White House press secretary Jen Psaki was confronted on Friday over whether the Biden administration's handling of a communication staffer's alleged threat to a reporter broke President Joe Biden's promise to immediately fire disrespectful staffers.
What is the background?
White House deputy press secretary TJ Ducklo was suspended without pay for one week after he reportedly threatened to "destroy" a reporter who was investigating his relationship with another member of the media. Ducklo also reportedly made "derogatory and misogynistic comments" to the female reporter.
Ducklo's brief suspension, which amounts to a slap on the wrist, came despite Biden vowing to immediately fire disrespectful staffers.
"I'm not joking when I say this: If you ever work with me and I hear you treat another colleague with disrespect, talk down to someone, I will fire you on the spot. No ifs, ands or buts," Biden told his staff on Inauguration Day.
What happened on Friday?
During the White House daily press briefing, Psaki was confronted by a reporter who asked whether the minimal action taken against Ducklo directly contradicts what Biden pledged on Jan. 20.
Psaki, however, dodged the question.
The reporter asked, "Now, it's not a colleague being questioned here, but isn't this, sort of, well short of what he pledged on Inauguration Day?"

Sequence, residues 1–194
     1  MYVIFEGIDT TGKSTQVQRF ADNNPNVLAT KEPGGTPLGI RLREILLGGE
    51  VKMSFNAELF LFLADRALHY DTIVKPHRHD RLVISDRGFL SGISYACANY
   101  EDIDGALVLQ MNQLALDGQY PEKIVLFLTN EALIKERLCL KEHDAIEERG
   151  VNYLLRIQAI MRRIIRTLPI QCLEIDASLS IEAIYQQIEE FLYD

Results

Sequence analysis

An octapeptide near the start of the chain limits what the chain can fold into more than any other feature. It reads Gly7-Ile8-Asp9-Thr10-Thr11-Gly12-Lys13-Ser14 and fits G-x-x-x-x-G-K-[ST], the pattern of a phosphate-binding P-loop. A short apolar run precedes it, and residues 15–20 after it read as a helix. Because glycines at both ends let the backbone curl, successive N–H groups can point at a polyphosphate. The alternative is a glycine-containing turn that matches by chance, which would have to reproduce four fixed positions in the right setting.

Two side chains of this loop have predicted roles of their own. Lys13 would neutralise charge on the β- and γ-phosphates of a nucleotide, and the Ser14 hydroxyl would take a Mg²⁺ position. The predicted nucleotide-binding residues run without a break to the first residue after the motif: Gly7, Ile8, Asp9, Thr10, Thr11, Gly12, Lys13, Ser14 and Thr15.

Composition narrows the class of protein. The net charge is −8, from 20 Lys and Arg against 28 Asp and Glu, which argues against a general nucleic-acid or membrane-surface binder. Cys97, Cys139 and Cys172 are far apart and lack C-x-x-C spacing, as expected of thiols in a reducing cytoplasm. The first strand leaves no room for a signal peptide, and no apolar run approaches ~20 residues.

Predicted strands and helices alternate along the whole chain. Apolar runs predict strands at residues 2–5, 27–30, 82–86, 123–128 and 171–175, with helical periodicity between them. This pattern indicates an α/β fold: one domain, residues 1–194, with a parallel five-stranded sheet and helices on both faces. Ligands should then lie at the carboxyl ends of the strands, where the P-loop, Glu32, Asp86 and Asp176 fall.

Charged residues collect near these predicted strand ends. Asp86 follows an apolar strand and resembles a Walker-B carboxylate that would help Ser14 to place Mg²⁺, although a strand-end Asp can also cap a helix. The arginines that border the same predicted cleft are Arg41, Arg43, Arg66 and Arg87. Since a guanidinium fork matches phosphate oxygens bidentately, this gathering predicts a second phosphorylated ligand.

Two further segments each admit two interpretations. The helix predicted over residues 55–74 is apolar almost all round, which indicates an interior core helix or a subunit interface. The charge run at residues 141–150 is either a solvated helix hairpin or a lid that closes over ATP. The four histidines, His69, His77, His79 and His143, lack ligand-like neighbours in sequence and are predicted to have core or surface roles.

"It doesn't meet our standard, it doesn't meet the president's standard," Psaki began, speaking of Ducklo's conduct.
"It was important that we took a step to make that clear and that included not just an apology directly from him and apologies directly from us at the highest levels there, but also a step to suspend him for one week without pay," Psaki continued. "That, in our view, was an important step to send the message that we don't find it acceptable."
In fact, Psaki admitted that she did not discuss the incident with Biden. She previously said that White House chief of staff Ron Klain approved of the reprimand against Ducklo.
Earlier in the press briefing, Psaki was asked why she did not ask for Ducklo's resignation or fire him outright.
In response, Psaki claimed the punishment doled out against Ducklo is "serious."
He had a heated conversation about a story related to his personal life. I'm not saying that's acceptable, but I just want to be clear that it was not about an issue related to the White House or a White House policy or anything along those lines.
He's the first to acknowledge this is not the standard of behavior set out by the President, nor is it the standard of behavior set by me, and I'm his direct supervisor. In addition to his initial apology, he sent the reporter a personal note, expressing his profound regret. The ask — he has been placed, as you noted, on a one-week suspension without pay. That is a significant step. I'm not aware of a history of that step being taken; you all can check me on that.
And in addition, when he returns, he will no longer be assigned to work with any reporters at Politico. I don't — we don't want — no one wants anyone to feel uncomfortable, to be put in an uncomfortable position, and that's not behavior that we will tolerate. So, those were the steps that were taken, and we felt it was a serious punishment.
Full Q&A on the W.H. defending not firing their staffer who sexually harassed a female reporter and threatened to “… https://t.co/jlUsfot8Lw— Tom Elliott (@Tom Elliott)1613160426.0